Beauty and the Beast

Winson Law - Brazil


July 5, 2011

When I was a child, if I disobeyed my grandparents, they would often threaten to “throw me out” so that I could live with some other, foreign family. With certain panic, I would eat every last grain of rice, obey my grandfather’s wishes, and clean up after myself. At that age, I locked myself into a perspective that different meant bad and that I should never stray from comfort. During those days when I still slept with my mother and closed my eyes during Disney movies – yes I was scared while watching Beauty and the Beast– I feared a waltzing beast as much as being thrust into a new family half a world away. But now, just as I can watch Beauty and the Beast without hiding behind my mom, I want to plunge myself into new communities, encounter new challenges, and become a part of a family half a world away.

 

Between those years of fearing everything and today, I have gained new ideas and perspectives. I learned from my experiences away from home in Washington, D.C. and Samoa that different, in fact, is a good thing. Attuning myself to the customs of “never stand on the left side of the elevator,” and “only women do laundry, only men cook,” allowed me to challenge my own perspectives about the world – and to continue question my beliefs. By venturing outside of my crowded, loud house in Seattle, I can uphold my values of constant change and curiosity.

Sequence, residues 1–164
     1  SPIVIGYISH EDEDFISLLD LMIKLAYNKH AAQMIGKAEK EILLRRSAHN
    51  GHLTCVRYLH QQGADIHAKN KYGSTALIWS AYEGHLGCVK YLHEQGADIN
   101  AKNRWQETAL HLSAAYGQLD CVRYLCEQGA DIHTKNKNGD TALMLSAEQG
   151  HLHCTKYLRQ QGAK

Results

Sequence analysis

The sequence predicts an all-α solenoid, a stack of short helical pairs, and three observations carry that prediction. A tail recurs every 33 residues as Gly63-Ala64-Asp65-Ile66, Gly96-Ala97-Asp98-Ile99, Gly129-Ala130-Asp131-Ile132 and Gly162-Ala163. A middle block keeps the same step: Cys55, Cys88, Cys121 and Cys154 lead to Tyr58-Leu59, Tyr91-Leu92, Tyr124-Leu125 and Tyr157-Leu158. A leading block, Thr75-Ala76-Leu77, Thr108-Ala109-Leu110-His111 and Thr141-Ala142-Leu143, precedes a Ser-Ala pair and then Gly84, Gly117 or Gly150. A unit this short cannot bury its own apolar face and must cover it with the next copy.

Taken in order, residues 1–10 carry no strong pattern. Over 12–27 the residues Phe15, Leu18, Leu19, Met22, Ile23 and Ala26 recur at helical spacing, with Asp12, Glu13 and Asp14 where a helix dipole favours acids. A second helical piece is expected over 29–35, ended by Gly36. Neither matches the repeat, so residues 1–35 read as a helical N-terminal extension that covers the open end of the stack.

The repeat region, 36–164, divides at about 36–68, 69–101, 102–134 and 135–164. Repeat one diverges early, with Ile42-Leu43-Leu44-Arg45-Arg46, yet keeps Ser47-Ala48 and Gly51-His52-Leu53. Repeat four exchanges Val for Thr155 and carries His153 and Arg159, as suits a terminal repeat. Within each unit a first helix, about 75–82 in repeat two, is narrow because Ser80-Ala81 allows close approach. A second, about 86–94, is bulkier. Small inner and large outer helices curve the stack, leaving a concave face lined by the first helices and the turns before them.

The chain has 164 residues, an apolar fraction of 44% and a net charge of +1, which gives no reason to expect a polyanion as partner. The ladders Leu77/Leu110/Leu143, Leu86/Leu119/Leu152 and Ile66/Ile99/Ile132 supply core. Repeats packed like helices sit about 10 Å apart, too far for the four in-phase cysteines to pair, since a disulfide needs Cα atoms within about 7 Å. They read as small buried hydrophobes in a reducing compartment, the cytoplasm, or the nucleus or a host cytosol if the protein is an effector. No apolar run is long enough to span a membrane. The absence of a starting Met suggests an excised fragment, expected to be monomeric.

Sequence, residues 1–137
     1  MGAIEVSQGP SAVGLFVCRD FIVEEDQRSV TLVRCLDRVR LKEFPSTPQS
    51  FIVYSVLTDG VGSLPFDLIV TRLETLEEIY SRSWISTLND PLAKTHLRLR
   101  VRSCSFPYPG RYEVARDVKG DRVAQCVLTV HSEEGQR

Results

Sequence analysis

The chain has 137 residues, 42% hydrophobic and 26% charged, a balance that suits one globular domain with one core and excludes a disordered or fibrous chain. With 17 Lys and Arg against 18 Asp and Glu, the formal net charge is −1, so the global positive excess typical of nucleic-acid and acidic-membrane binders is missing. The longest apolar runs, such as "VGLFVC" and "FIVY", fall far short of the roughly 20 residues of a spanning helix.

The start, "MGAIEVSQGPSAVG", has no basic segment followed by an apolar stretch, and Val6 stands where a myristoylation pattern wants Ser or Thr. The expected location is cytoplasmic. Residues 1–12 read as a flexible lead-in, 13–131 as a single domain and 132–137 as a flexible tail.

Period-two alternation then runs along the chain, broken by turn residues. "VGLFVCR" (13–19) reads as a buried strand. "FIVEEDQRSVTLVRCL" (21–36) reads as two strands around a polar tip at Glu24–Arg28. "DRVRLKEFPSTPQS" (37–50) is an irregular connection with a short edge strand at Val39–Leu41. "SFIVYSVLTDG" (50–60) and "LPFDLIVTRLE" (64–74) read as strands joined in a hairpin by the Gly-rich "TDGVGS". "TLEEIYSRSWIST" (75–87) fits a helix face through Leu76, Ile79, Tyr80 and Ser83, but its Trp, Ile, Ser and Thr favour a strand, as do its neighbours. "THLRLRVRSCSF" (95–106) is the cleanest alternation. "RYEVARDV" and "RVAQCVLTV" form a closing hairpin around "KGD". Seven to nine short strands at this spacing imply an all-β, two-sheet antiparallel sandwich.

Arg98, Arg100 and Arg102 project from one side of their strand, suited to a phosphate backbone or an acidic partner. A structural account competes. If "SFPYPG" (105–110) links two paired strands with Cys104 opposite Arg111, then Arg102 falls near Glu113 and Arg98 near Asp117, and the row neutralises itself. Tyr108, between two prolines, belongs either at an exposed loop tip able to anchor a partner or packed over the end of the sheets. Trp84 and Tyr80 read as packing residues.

In Seattle and in other communities across the world, we face challenges that require us to be willing to change our ideas and be curious about the ways in which can create unique answers to our most pressing issues. By keeping our ideas fluid, we can better adapt to the rapidly evolving needs of people around the world. By remaining curious about the world, we can and discover problems that require each person’s contribution. Today, I’m asking that you too remain curious about our world, its issues, and what we can do about them.

 

Half a year ago, I regained my own interest in the world by visiting the Global Citizen Year website and reading the Fellow’s blogs. Amazed by the depth with which the Fellows were able to write about their new families and communities, I knew that I wanted to take a Global Citizen Year myself. By reading the blogs, I engaged myself with our world. I learned about the palafitas of Brazil, immersed myself in the schools of Senegal, and became inspired by what happens when you give a child a camera for a day in Ecuador.

 

When you click to subscribe to one of our blogs and choose to donate to the Fellow’s Fund, you too are engaging in our world and opening yourself to change. Through each click, we are saying yes to joining the global family, yes to changing perspectives, yes to finding world solutions, and for me, yes to being thrown out into the world.

Winson Law